Why the sudden surge of interest? Besides the nation’s new adoption of a bill to launch the EU ‘Blue Card’ (an exciting new work and residence permit for international graduates), Christiane Schlottman, director of the German Academic Exchange Service’s South Asia office, points to a number of different factors behind the pattern.

“The recent years have witnessed a change in student mobility worldwide,” she explains. “Many students are seeking new destinations in Europe and even Asia itself, for example Singapore. Various factors like stringent visa rules, lack of employment opportunities after graduation and social threats in the traditionally popular destinations affect this trend. In Europe, Germany is the most popular destination for international students due to international degree programs (IDP) taught in English medium, tuition fee waivers, career opportunity after graduation and above all, social security. Germany tops the list of the most internationalised countries in the higher education arena (THES Survey 2011).”

Combined with Germany’s positive economic indicators (according to The Economist, the country’s GDP expanded at a rate of 2.5% in the third quarter, compared to Britain’s 0.5% and the States’ 1.5%), and its comparatively lower cost of higher education, it is no wonder that more international students – including Indians – are choosing the nation for their university studies.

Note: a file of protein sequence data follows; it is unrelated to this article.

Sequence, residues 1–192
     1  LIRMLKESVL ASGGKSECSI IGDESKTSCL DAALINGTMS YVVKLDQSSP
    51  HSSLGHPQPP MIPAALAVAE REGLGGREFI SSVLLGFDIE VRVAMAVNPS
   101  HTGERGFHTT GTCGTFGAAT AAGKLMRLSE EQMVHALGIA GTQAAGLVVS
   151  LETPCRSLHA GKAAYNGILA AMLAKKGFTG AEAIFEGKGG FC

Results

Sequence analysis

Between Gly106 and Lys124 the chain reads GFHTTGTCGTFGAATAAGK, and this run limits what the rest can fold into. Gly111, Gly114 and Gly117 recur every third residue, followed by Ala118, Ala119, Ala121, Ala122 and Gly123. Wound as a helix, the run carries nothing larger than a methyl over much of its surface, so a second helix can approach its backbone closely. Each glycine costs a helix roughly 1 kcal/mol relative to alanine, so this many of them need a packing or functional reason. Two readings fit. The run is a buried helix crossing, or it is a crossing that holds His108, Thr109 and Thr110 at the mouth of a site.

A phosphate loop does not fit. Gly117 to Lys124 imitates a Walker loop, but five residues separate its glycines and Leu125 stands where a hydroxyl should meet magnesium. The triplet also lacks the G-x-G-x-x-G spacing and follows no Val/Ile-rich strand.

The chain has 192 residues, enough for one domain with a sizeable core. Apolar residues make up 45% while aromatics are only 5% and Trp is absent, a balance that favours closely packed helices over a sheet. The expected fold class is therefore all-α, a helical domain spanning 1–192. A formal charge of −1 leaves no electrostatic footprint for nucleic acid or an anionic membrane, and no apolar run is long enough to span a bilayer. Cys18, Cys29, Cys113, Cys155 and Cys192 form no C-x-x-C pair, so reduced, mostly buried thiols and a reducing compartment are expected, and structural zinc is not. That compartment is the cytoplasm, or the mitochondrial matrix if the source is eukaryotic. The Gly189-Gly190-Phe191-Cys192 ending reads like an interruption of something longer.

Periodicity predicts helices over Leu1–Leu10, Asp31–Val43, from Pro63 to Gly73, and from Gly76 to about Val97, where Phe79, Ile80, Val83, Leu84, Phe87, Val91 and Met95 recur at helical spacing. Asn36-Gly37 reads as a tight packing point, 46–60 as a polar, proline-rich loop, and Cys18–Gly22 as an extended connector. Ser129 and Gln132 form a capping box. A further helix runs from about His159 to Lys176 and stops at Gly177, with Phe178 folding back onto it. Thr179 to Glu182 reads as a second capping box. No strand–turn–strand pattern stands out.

Sources: “Indian enrolments soar in Germany”. Hindustan Times, January 17, 2012.
& “Glasgow opens up new career tracks”. Mail Online, January 17, 2012.

2) OVER THE COUNTER – Recruitment trumps Registrars. Easing admission requirements for foreign students.

At a time when a number of American universities are receiving rude awakenings on the issue of ‘under-qualified’ foreign students (echoes of last week’s article highlighting the expulsion of five Chinese students from North Dakota’s Dickenson State University, due to their poor English skills), the University of Colorado (CU) has announced a rather curious decision – dropping previous requirements for international students.